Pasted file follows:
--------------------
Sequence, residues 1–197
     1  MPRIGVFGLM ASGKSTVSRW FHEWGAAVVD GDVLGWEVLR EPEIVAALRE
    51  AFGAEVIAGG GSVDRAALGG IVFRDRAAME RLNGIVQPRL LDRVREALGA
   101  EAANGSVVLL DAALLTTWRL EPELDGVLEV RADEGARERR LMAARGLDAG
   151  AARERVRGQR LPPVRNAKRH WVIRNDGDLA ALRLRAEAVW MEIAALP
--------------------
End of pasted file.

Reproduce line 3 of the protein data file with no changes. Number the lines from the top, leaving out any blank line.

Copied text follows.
    51  AFGAEVIAGG GSVDRAALGG IVFRDRAAME RLNGIVQPRL LDRVREALGA